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As candidates call each other out, who is really telling the truth?

After watching a few of the past presidential primary debates this year you might find the discussions to be a chance where the candidates call each other out on inconsistencies and some times blatant lies, but who’s the most honest?

PolitiFact.com, a project by the Tampa Bay Times, seeks to research and fact check various political statements using their “Truth-O-Meter” to determine if the statement was factual or an outright lie. Since the candidates aren’t hooked up to lie detector tests during the debates, skeptical voters have turned to websites like Politifact to get the truth out.

One article by Politifact examines a statement Rick Santorum made in a campaign ad in Michigan. The ad accuses Romney of supporting cap and trade that kills jobs, but Politifact.com claims that this accusation is a flat-out lie and provides research to show Romney may have supported it in the past but his actions during governorship and repeated denouncement of support for cap and trade show other wise.

Below is a neatly constructed table of the statistics Politifact.com has gathered up. It wouldn’t be fair to compare the candidates on data that doesn’t exactly average out or asses every statement they’ve made, so the table should be viewed as more of a self improvement report card.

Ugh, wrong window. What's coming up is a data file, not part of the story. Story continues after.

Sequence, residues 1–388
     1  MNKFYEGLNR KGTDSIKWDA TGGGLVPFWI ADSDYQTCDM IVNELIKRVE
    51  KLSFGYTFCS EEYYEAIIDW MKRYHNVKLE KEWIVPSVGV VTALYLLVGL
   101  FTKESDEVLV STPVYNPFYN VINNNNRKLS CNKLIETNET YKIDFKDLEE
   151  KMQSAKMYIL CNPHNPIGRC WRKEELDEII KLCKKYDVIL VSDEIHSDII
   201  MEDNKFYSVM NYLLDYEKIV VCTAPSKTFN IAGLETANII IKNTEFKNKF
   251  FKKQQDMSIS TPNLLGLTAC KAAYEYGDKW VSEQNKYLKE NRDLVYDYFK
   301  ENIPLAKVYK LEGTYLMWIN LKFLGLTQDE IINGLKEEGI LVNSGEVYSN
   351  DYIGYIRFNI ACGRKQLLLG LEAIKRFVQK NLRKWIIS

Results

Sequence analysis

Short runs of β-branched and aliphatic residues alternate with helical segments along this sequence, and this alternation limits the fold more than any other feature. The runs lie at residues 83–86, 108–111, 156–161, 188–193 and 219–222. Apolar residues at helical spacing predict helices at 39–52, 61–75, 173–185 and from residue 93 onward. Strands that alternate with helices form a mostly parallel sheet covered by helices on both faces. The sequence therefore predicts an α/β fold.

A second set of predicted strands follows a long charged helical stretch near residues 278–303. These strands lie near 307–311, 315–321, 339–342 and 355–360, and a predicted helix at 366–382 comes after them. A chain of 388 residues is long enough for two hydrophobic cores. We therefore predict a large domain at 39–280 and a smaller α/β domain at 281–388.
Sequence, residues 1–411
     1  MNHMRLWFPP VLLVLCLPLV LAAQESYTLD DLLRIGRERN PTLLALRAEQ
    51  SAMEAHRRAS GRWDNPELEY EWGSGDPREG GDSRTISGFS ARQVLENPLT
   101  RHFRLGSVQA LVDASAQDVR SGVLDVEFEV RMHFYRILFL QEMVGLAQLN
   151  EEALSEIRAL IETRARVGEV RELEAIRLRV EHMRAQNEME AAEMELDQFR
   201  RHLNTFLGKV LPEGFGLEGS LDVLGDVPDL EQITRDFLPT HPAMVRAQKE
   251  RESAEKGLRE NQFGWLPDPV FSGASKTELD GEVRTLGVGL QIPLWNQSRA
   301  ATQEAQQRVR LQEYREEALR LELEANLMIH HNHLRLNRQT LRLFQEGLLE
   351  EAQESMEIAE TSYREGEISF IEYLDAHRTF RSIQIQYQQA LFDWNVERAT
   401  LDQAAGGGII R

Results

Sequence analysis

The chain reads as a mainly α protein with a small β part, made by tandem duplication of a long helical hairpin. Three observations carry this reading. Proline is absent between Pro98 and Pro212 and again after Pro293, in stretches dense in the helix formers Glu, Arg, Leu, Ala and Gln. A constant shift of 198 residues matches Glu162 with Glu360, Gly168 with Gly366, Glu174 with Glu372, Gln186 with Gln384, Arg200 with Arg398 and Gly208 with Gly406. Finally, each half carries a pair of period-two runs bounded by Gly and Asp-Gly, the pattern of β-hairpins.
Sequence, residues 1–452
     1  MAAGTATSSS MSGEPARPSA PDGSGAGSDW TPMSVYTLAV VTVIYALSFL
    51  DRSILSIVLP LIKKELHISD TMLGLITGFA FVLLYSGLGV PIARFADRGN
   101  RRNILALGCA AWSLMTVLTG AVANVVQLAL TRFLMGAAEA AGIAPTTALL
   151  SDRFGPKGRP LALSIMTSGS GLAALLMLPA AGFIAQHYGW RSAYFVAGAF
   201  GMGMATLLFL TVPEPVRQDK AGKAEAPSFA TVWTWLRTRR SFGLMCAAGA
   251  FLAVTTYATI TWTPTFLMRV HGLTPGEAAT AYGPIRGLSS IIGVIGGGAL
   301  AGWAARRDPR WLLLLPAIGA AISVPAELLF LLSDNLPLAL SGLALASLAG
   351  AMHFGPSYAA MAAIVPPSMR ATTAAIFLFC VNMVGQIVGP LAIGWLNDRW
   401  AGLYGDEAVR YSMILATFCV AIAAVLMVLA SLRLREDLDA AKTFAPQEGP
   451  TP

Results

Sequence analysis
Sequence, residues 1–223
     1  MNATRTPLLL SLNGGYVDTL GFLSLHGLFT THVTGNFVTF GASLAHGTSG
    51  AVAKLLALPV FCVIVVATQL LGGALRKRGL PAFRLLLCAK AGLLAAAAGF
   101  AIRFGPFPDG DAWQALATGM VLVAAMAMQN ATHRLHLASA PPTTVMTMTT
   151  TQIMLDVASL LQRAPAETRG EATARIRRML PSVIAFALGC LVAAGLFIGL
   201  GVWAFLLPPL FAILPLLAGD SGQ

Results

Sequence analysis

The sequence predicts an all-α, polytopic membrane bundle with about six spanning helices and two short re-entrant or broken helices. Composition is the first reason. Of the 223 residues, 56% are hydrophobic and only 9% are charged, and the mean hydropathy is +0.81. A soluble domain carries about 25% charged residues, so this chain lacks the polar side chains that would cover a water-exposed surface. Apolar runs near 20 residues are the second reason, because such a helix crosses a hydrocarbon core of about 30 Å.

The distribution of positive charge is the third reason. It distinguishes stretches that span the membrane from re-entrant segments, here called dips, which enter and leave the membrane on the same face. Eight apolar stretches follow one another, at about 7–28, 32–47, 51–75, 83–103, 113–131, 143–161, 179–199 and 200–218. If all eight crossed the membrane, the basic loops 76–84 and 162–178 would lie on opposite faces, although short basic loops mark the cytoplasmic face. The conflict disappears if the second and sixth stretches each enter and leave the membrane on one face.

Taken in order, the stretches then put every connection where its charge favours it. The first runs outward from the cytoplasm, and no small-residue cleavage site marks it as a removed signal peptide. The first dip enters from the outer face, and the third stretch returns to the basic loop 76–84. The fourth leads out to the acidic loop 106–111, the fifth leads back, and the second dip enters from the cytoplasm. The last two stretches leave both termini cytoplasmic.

Politifact also has a meter to track Obama’s Campaign promises. The ‘Obameter’ has recorded 506 campaign promises of which he has kept 168 promises, compromised on 52 promises, broken 63 promises, has been stalled on 67 promises and the remaining 156 are still in the works. So far with all this data, Obama has been better off than many conservative critics have argued he would have when Obama first took office (the pun here is that they said he wouldn’t be able keep any promises).

Micah Cohen of the New York Times wrote an article last September addressing the same topic but it’s a bit outdated considering it includes Michele Bachmann and Herman Cain. Since then Obama has been rather consistent in his percentages but the other candidates have shifted quite a bit but the large changes could have to do with more statements being recorded than actual lies said.

Of course there are plenty of political mockery websites like ‘Mitt Romney Flip-Flops‘ that poke fun at inconsistencies of targeted politicians. I won’t mention the one dedicated to Rick Santorum, but like a Wikipedia page there does seem to be a grain of truth these pages make. That there are major issues with the candidates, and it seems for the most part that issue is trust.

So which candidate is the most truthful? You can look at the data and conclude for yourself who has the most truthful statements and who tries to alternate issues between audiences for more support. Personally I acknowledge all the candidates to be politicians, therefor, they’re all liars and can’t be trusted.

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About nickruck

College Student, part time Web Designer.

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